The path

I have started digging back into the meat of this story.  Part of that is remembering the people who inspired and peopled the book.   It is a work of fiction with people I met in those days who are just a shadow now that I must use for my own purposes.  I must lighten those shadows, fill them with life and turn them loose and follow the path I have laid out for them.  Where we will meet at the end of that path is anyone’s guess. But I think it’s important that I give them their head.  The path is my creation, but in an odd sort of way, the characters can move the story as they see fit.

 

I think it’s a big risk to let this happen, but so is strapping yourself into the space shuttle before it launches.  I think the trip will be worth it. But getting down the path is the important thing.  Writing the book.  Success will be to finish it and feel good about it. It is a worthwhile goal.

 

Living in the Past

I have just returned from Vegas where I spent five days living in the past.  In 1974, I was dropped into the aviation world and I spent the next 40 years flying around the world with some of the most incredible men I have met before or since.  I learned World War II history from men who had fought it.  One was an original American War hero.  He walked across the greater part of Europe after a battle and eluding the enemy, he made his way to Poland where he stowed away on a cargo vessel and made it home.  He went on tour to sell war bonds.  Another flew England’s heavy bomber, the Lancaster, on raids over Germany and helped bomb the Nazis into submission.  He threw my text book knowledge of the events of that conflict away and gave me God’s truth from the English point of view.

 

The stories in Vegas went on and on.  I listened intently as eighty year old men poured out their personal history from the viewpoint of aged and matured brains.  I felt such respect and honor to have been able to be a small part of it all.  I am the luckiest person I know.  Life has beaten me up since those days.  But when I die, I’ll pause at the pearly gates and tell St. Peter the best story he has ever heard.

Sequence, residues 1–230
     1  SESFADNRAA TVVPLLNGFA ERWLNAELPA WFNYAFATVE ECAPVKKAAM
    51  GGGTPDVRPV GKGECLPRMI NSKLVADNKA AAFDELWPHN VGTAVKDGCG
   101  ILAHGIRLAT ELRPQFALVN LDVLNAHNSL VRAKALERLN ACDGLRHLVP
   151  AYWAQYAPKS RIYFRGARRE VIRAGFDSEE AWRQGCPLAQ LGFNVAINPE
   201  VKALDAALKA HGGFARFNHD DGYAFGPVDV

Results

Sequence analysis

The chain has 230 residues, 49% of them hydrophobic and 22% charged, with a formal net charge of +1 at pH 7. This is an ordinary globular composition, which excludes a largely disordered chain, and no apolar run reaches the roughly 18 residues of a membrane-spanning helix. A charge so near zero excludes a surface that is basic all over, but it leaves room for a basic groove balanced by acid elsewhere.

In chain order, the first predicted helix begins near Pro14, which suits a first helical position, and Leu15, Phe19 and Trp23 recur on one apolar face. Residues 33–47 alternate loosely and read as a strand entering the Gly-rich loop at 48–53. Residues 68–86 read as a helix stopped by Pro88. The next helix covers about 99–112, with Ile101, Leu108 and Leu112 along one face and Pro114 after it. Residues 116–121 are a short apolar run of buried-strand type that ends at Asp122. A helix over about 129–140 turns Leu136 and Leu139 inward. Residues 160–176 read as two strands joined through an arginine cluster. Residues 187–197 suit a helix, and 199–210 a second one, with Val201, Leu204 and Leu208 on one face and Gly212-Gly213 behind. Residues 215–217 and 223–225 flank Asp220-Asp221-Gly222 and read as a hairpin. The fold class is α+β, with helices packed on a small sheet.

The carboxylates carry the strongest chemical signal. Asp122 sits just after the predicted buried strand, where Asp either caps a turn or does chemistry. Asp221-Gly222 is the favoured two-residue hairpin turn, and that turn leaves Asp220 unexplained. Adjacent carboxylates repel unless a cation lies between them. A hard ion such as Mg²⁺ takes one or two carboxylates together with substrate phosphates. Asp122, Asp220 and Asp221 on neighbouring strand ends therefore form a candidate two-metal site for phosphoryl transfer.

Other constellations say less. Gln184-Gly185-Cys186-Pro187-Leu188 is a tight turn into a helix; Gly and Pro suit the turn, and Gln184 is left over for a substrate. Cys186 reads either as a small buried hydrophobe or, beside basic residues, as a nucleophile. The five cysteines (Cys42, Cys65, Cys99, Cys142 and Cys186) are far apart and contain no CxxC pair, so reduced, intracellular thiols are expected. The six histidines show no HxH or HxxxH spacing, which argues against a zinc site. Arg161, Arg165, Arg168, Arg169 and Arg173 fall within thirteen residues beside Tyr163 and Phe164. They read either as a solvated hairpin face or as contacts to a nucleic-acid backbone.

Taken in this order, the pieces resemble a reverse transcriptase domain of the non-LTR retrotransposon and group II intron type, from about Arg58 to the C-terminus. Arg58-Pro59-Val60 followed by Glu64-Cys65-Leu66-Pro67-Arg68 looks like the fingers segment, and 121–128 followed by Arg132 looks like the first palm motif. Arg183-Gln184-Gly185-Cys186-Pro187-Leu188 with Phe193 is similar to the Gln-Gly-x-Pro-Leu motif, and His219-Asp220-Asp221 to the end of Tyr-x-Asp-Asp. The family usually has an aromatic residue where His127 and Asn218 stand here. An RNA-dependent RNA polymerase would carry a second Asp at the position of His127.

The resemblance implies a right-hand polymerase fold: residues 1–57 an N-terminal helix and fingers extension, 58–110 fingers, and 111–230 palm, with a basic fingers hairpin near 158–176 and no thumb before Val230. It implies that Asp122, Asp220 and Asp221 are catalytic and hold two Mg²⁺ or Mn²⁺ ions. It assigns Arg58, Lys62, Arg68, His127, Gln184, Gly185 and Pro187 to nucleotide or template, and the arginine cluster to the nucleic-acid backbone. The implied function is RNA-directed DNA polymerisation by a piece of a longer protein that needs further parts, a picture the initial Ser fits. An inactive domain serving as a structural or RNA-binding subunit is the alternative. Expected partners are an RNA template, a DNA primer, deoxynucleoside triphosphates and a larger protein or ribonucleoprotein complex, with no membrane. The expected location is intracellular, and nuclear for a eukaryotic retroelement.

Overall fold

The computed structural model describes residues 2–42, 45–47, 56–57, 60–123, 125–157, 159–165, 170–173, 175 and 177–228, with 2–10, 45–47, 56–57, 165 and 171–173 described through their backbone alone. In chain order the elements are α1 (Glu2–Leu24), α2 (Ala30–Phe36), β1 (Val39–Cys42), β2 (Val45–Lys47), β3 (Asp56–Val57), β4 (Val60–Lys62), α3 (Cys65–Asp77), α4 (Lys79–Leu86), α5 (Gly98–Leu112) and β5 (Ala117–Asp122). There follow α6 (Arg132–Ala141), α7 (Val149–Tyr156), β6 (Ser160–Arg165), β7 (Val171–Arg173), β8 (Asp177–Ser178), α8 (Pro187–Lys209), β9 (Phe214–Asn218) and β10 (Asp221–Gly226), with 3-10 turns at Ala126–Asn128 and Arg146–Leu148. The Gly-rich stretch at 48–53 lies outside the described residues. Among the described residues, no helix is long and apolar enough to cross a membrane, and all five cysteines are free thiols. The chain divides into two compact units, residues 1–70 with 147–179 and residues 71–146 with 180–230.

Part of flying is spent in the air for long hours with not a lot to do.  In those days, on our airplane, it would take over 8 hours to fly from England to Saudia Arabia.  Everybody had a book and they all read something different.  The seed for me being a writer was planted in those days.  One of the problems I have today is taking a Michener book, a Hemingway book, a Maugham book that inspired me in those days and translating what  I have to say into a style that today’s readers would pick up and read.  The media is so different.  It’s a real challenge.  Lucky for me, I grew to manhood in an environment where the people who surrounded me faced down and defeated so much greater challenges.  You just do the best you can.

Taking the Plunge

So……….  I started writing this book some time ago.  Wrote about twenty pages when life intervened and I stopped.  Now, here we go again.  The last couple of weeks, I have been thinking more and more about just what I want to accomplish.  To get my mind in shape for this project I ordered several books.  Some for research and others for method and style.  Generally, I have decided to take things I know about, take my basic take on the things I have seen that will embody the meat of this book.  Then I decided that it would be a first person narrative about the pot industry in this area.  But it is going to be a fictional story molded by some actual events.  I have decided that the narrator is a hard boiled, jaded man of fifty some who comes to this area with a lot of baggage.  What he finds in his fictional life does nothing to change his view of human nature.